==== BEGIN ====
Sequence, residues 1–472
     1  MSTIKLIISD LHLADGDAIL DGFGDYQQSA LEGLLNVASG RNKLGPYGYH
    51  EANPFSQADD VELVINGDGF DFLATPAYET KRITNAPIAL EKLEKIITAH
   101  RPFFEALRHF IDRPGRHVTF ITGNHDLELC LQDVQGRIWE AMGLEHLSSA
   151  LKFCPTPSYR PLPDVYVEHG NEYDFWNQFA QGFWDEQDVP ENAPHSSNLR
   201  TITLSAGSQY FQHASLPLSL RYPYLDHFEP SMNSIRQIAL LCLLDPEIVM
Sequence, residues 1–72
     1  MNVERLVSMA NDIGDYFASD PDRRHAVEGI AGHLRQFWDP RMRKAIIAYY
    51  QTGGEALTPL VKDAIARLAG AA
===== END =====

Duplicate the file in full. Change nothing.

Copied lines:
Sequence, residues 1–472
     1  MSTIKLIISD LHLADGDAIL DGFGDYQQSA LEGLLNVASG RNKLGPYGYH
    51  EANPFSQADD VELVINGDGF DFLATPAYET KRITNAPIAL EKLEKIITAH
   101  RPFFEALRHF IDRPGRHVTF ITGNHDLELC LQDVQGRIWE AMGLEHLSSA
   151  LKFCPTPSYR PLPDVYVEHG NEYDFWNQFA QGFWDEQDVP ENAPHSSNLR
   201  TITLSAGSQY FQHASLPLSL RYPYLDHFEP SMNSIRQIAL LCLLDPEIVM
Sequence, residues 1–72
     1  MNVERLVSMA NDIGDYFASD PDRRHAVEGI AGHLRQFWDP RMRKAIIAYY
    51  QTGGEALTPL VKDAIARLAG AA